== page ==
Congress Moves to Push Bikes Off National Park Roads

If you’ve ever ridden a bike on the pavement at Arches National Park or Yellowstone, you know how liberating it can be. Cars are often jammed on roads that weren’t designed for the freeway-like crush that hits parks every summer, but on a bike you can cruise at a comfortable pace. And just like riding anywhere else, you’re more a part of the scenery, not walled off from it. But the current transportation reauthorization bill worming its way through Congress could make it illegal to ride a bike on any federal road that has a pathway running parallel to it, not just those within national parks.

If no parallel, alternative pathway exists, cyclists would have a right to the road. Reassured? Don’t be.

For one thing, as the League of American Bicyclists points out, this sets a pretty rotten precedent: “Why stop at federal land highways? And if roads with higher than 30 mph speed limits are so unsafe for bicyclists to share with motorists, bicyclists shouldn’t be using them, period.”

Says Darren Flusche, a policy analyst with the league, “If you write into federal legislation that bicyclists are somehow unfit — the clause is called ‘bicycle safety’ — it’s a really, really bad message to send that sharing the road with bicyclists is dangerous.” The bipartisan bill is just the latest attempt by GOP congressional members to strip out anything that benefits cyclists and pedestrians.

And while cycling has been permitted on roadways within national parks (there are races up the access roads to Mount Hood and Rainier, both Grand Teton and Yellowstone offer early openings of roads that cyclists can ply before cars, and Glacier’s Going to the Sun Road is on a lot of roadie’s bucket lists), off-road offerings can be summed up in a single word: lame. Or another word: illegal.

Sure, at Cape Cod there’s a great trail network that ties into bike paths in surrounding communities, and Grand Teton recently built a multi-use path to offer cyclists some protection from ponderous RVs and other vehicles.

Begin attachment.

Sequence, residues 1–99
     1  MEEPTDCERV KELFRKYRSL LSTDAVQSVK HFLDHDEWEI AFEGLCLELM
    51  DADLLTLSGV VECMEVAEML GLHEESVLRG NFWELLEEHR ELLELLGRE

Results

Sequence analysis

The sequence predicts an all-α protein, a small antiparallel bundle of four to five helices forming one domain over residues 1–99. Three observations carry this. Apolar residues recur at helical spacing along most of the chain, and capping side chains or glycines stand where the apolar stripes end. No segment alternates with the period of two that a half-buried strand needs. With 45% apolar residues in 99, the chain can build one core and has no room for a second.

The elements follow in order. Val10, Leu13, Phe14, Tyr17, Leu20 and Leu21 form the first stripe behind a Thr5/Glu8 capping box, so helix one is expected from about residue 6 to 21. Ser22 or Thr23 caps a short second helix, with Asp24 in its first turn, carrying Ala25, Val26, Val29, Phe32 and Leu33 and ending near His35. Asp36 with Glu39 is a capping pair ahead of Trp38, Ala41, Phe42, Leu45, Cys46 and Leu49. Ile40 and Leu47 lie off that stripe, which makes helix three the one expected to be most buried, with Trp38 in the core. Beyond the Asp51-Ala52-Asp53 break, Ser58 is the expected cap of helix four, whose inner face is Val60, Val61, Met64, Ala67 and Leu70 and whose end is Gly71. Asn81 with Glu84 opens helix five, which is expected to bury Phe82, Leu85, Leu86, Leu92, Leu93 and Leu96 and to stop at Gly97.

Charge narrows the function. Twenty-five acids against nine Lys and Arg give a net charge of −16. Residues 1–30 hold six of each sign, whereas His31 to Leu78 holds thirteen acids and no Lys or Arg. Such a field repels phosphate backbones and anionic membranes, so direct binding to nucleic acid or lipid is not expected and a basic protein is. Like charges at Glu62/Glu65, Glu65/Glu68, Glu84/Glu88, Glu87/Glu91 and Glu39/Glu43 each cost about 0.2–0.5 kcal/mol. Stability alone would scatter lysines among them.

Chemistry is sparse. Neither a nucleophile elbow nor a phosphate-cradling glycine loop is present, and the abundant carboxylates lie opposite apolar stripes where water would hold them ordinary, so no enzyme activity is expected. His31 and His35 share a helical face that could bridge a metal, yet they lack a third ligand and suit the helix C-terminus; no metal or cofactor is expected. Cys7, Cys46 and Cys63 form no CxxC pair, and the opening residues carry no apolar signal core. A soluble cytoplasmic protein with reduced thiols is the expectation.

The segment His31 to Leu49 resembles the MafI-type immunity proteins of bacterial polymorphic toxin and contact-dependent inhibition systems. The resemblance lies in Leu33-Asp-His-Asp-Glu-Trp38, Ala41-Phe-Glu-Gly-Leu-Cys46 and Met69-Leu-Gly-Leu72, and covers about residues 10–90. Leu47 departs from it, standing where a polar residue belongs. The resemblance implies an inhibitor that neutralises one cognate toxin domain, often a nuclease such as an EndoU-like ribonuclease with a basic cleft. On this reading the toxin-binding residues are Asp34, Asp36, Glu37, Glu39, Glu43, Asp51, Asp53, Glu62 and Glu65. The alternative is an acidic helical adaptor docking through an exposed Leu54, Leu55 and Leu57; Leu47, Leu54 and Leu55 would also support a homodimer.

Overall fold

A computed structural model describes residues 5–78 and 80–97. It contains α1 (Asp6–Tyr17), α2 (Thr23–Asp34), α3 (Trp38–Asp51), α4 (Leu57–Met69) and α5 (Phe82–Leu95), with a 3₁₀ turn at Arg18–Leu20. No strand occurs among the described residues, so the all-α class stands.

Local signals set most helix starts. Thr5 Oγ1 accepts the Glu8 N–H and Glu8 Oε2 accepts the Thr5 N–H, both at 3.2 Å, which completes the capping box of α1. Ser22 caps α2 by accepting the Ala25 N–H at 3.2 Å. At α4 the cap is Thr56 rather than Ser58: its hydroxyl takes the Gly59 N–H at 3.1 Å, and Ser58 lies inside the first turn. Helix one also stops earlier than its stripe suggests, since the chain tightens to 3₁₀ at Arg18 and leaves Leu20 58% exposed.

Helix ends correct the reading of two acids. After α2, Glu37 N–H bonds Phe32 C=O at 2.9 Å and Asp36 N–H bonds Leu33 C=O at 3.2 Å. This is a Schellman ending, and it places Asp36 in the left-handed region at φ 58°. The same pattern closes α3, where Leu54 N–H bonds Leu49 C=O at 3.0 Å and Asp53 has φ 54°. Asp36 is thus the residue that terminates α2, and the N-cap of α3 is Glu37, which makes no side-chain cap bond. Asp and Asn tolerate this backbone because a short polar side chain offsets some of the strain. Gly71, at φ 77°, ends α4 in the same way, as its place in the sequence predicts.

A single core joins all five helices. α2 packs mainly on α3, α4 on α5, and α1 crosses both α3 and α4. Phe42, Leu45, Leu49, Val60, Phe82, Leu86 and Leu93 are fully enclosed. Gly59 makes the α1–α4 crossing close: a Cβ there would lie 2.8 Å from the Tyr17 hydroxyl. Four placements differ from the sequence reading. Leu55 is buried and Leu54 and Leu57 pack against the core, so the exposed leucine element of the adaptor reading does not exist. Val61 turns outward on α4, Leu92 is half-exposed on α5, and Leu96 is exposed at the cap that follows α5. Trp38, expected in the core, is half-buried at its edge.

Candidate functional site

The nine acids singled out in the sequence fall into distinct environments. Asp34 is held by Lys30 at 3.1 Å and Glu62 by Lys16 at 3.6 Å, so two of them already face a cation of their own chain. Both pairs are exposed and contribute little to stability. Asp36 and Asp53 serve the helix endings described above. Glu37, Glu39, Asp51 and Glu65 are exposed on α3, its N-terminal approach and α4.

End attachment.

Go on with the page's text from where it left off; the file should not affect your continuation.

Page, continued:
But that isn’t singletrack. And “multi-use” is just code for a screaming headline, “Mountain Biker Takes out Iowa Mom on Grand Teton Walking Path.” That’s why it was such huge news when Mammoth Caves actually opened up land for singletrack earlier this year.

But that’s the massive exception to the otherwise anti-bike ethos of the NPS. A vibe that will only get worse if this law goes into effect, especially since no matter what kind of bike you ride you might be a scofflaw without even knowing it, since actually knowing which roads on federal lands have paths running parallel to them is rarely easy. There’s no central database, and even park websites often lack this level of granularity.

One ally could come from a place you might not expect: park managers. Quietly, they seem to see this ban of bikes on roads as adding complication and misery to their lives — especially at a time when the feds may slash their budgets to unprecedented levels. Deirdre Gibson, Valley Forge’s chief of planning and resource management, said forcing bikes onto paths could result in a cluster. She said the paved paths in the park are open to bikes now, but because the paths are “multi-use” they tend not to see bike traffic.

Meanwhile, the league has created a petition page on its website to fight the clause in the legislation, which, by the way, saw House Republicans try to cram in another head-scratcher this past Friday: The “American Energy Initiative,” which would lift the ban on new offshore drilling areas, including in the Arctic National Wildlife Refuge.

Environmental coverage made possible in part by support from Patagonia. For information on Patagonia and its environmental efforts, visit Additional reporting by National Parks Traveler.

{ 23 comments…read them below or write one }

  • Casey Greene

    Well, Adventure Cycling Association is definitely working on this. There are quite a number of our bicycle routes which travel through National Parks.